Shared Element Transition with React Native

Narendra N Shetty
Aug 14, 2017 · 8 min read

In this post I will be talking about how to achieve Shared Element Transition with React Native for both iOS and Android.

I have posted the code on GitHub and you can take a look if you want to jump right into it.

Intent

Lets take a look at what we’re going to build. Below is a photo grid example where we’ll add a shared element transition. This way, we can transition smoothly between a grid and the details page for a photo we select.

This is a much smoother and a continuous experience.

Approach

Before we build this, let me tell you how the system works under the hood. Since React Native doesn’t support true shared elements, when we say we are doing a shared element transition between two screens, we aren’t technically sharing any elements. Instead, each screen has its own individual element.

What I am doing is passing the information about the shared element — such as its position and size — between these two elements.

When the details screen launches, its background is set to transparent, and it hides all of its elements. It then alters the attributes of the shared element to the one passed, then makes it visible. It then animates itself to its natural position. As the transition progresses, the window background and the rest of non-shared elements slowly fade in until they’re totally opaque.

So while the element is not technically shared, this clever trick of smoke and mirror makes it appear that they are.

So now that we understand how this process works, lets go step-by-step to understand how the mock element has been shared, and how we can control animations.

Step 1: Entry and Exit Animation

I have two screens here: Grid and Details. From the Grid screen, we can launch the Detail screen by clicking on one of the images in the grid. Then we can return to the grid screen by hitting the back button.

When we go from Grid screen to Detail screen we have an opportunity to run two sets of transition animations — the Exit transition for the Grid screen, and the and Entry transition for Detail screen.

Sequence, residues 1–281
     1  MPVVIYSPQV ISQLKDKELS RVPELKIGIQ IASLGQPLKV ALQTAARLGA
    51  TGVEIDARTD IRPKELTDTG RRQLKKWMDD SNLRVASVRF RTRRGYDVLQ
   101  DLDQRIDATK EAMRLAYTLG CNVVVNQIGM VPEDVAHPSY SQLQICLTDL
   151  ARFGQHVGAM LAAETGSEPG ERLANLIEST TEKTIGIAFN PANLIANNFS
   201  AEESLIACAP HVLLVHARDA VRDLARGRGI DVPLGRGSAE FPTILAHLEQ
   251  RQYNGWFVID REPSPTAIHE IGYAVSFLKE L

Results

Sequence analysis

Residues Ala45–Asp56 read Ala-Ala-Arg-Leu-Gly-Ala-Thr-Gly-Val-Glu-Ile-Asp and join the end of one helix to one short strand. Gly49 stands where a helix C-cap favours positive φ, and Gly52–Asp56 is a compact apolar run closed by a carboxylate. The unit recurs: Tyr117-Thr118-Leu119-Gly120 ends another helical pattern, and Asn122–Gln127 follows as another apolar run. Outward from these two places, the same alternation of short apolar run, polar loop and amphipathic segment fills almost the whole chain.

Lets see how we implement this.

Without any transition, this is how the app looks. Clicking on the individual image takes you to a detail screen.

Let’s add an exit transition to the first grid screen. Here we use a simple fade out transition using the Animated api, which interpolates the opacity attribute of the grid screen container from 1 to 0.

Now that we have done that, here’s how it looks:

Not too bad. We see that the grid is faded out as we move onto the details screen.

Let’s now add another transition to the content of the detail screen as it comes in. Let’s slide the text into the place from the bottom.

This is done by assigning an interpolated Animated value to the translateY property of the text container.

And here’s how it looks:

Well the title and the description slides in very nicely, but the image appears abruptly. This is because our transition doesn’t target image specifically. We’ll fix this shortly.

Step 2: Transition layer for the shared element

We now add a transition layer which appears during the transition, and contains only the shared element.

This layer is triggered when the image in the grid is clicked. It receives information about the shared element, such as its position and size from both the Grid screen and Details screen.

Step 3: Animation in the transition layer

We have the information in the transition layer about the source and destination position of the shared element. We just need to animate them.

Let’s first set the element based on the source position and size, then animate it to the destination location. This can be done in two ways. Let’s take a look at both of them.

By interpolating on the width, height, top and left

This is a straightforward approach. If we want an element to change from one size to another, and from one position to another, we modify the width, height, top, and left style properties of the element.

And here’s how it looks:

Performance Analysis

When using Animated, we declare a graph of nodes that represent the animations that we want to perform, and then use a driver to update an Animated value using a predefined curve.

Here’s a breakdown of the steps for an animation and where it happens:

https://facebook.github.io/react-native/blog/2017/02/14/using-native-driver-for-animated.html
  • JavaScript: The animation driver uses requestAnimationFrame to execute on every frame and update the value it drives using the new value it calculates based on the animation curve.
  • JavaScript: Intermediate values are calculated and passed to a props node that is attached to a View.
  • JavaScript: The View is updated using setNativeProps.
  • JavaScript to Native bridge.
  • Native: The UIView or android.View is updated.